WWE 205 Live – 20th March 2018

WWE 205 Live

20th March 2018

Dallas, Texas

Commentators: Vic Joseph and Nigel McGuinness

We round out the semi-finals of the Cruiserweight Title tournament tonight, grapple fans, as Mustafa Ali tussles with Drew Gulak for a spot against Cedric Alexander on the WrestleMania pre-show.  Last week’s bout between Alexander and Roderick Strong was a 205 Live classic; can Ali and Gulak deliver the goods this week?

We open with highlights of last week’s all-action semi-final, as Cedric pinned Roddy with an inside cradle and some hype for tonight’s Mustafa/Drew clash.  Let’s get to it!

 

Lince Dorado (w/Gran Metalik & Kalisto) vs Hideo Itami (w/Akira Tozawa)

After Itami and Tozawa defeated the Luchas last week, a singles match between members of both teams seems a logical step forward in the feud.  Straight out of the EWR booking playbook.  With more cornermen than wrestlers, I expect some shenanigans at ringside.  The question begs to be asked, however: how many of them have a manager’s license?

Lock up to start and we go into the corner.  No clean break as Itami lands a forearm and takes control with a headlock.  The pace quickens as Dorado sends Itami to the outside, fakes a dive and then dabs.  Itami talks strategy with Tozawa at ringside as Lince then tries to get the crowd into it with some ‘Lucha’ chanting.  Headlock takeover back in from Dorado before they ramp it up again and Lince sends Hideo to the outside following a standing dropkick and a hurracanrana takeover.  Corkscrew plancha from Lince, as they take it back into the squared circle and Dorado again is in control with a side headlock.  McGuinness keeps calling Lince the ‘Golden Links’.  Not sure what I think of that as a nickname; sounds more like a golf course.  Itami comes back into it with a boot to the face and disrespectfully slaps his Lucha foe.  Dorado comes back with a slap of his own and then a flurry of strikes.  Handspring back elbow attempt from Lince, but Itami avoids it, comes off the ropes and turns Dorado inside-out with a clothesline.  Dorado responds with a superkick before sending Itami to the floor, where Hideo starts beefing with Metalik and Kalisto.  Metalik shoves Itami into the apron and the ref calls for a DQ at 6:13.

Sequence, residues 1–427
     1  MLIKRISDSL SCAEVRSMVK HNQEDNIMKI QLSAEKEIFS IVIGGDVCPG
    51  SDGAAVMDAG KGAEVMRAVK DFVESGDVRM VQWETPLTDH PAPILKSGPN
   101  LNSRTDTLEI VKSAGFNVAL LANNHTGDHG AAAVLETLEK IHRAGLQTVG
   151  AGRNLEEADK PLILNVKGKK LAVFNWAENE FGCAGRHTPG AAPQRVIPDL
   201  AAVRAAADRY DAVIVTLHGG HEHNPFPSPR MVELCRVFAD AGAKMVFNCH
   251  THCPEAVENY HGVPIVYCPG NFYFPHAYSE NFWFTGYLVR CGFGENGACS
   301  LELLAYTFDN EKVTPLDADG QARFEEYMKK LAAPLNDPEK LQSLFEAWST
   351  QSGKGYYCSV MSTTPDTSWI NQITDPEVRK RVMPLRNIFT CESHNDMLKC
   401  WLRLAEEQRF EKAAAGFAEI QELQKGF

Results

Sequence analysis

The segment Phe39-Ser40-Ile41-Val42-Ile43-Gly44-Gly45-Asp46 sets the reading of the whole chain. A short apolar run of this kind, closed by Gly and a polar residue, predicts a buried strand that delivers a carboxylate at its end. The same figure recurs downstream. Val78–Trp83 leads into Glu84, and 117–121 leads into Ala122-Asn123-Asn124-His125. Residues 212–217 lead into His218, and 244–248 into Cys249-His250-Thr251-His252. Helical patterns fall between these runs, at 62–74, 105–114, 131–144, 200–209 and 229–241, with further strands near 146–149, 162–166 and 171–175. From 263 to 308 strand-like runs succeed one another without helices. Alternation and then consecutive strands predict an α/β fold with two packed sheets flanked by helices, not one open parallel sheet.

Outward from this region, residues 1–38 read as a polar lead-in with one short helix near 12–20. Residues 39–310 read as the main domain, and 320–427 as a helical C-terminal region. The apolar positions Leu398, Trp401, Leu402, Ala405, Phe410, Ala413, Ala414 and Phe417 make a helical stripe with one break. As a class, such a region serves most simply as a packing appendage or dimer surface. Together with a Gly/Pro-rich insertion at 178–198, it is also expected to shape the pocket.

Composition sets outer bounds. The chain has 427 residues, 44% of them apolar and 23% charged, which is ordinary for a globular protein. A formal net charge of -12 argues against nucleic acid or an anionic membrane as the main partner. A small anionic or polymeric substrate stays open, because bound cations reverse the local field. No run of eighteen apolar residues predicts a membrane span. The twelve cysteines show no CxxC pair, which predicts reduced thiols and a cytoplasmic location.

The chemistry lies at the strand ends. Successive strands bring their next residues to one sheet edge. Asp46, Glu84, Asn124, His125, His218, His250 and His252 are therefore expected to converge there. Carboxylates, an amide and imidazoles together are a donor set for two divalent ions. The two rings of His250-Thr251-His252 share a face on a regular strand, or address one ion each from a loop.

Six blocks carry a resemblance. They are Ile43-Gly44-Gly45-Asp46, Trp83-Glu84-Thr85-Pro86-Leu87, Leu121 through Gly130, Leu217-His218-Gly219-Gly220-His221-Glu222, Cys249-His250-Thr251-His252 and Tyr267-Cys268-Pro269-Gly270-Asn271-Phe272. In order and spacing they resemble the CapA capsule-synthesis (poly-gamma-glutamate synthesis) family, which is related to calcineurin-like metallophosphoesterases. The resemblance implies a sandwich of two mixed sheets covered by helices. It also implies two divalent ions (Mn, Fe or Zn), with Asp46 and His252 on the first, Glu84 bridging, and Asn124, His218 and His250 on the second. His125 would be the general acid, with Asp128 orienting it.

Match rating: C-  Damn, I was just getting into that!  That had all the makings of an excellent match, but what a lazy finish.  I can live with a DQ finish, but just a weak shove into the apron?  More outside interference throughout the match, culminating in a frustrated ref throwing it out would have been more effective.  This was just unimaginative stuff; the road agent responsible for this nonsense needs a talking to.

Metalik and Itami want to go at it post-match and are held back by their respective comrades.  I smell more singles matches between these guys in the future.

A hype video for Drew Gulak, with some good character building stuff.  It staggers me that 50-minute shows like 205 Live and nXt can find time to invest in their characters this way, yet the writers of Raw can’t manage it in 3 hours??

An ad for WWE 24 ‘Empowered’.  Should be a good watch; WWE 24 is arguably the best series on the WWE Network.

Hype for John Cena vs Kane on Raw next week.  Well, if I wasn’t going to be watching it already…

Cedric Alexander with a sit-down interview backstage.  He jabbers on about competing at WrestleMania.  Seriously, it makes all these guys look like suckers when they gush about competing at a WrestleMania being the culmination of their entire career.  I mean, the show does happen every year and the average WWE worker will make at least 3 or 4 WM appearances throughout their run with the company.  There’s a line between hyping a pay-per-view and just looking like a pathetic fanboy, and I’m afraid WWE has long crossed that line now.  Leave the hype for the pay-per-view itself to the announcers; the wrestlers should be engaged in advancing their storylines and hyping their own individual matches, then the show will hype itself.

 

TJ Perkins vs Kenneth Johnson

TJP with a selfie-promo, suggesting he be first in line for a title shot after the tournament.  We’re reminded we saw Johnson in the Cruiserweight Classic; I barely recognised him, he must have tasted defeat in the first round.  Some mat work from TJP to start and a flying back elbow.  Vertical suplex and a follow through into a belly-to-back suplex from Perkins.  TJP is notably calling spots and trying to make sure Johnson keeps up.  Senton splash from TJP.  Kenneth comes back with a boot to the face but runs into a dropkick to the knee.  Knee-breaker and a leglace from TJP.  Detonation Kick from Perkins and he gets a tapout with a kneebar at 2:41.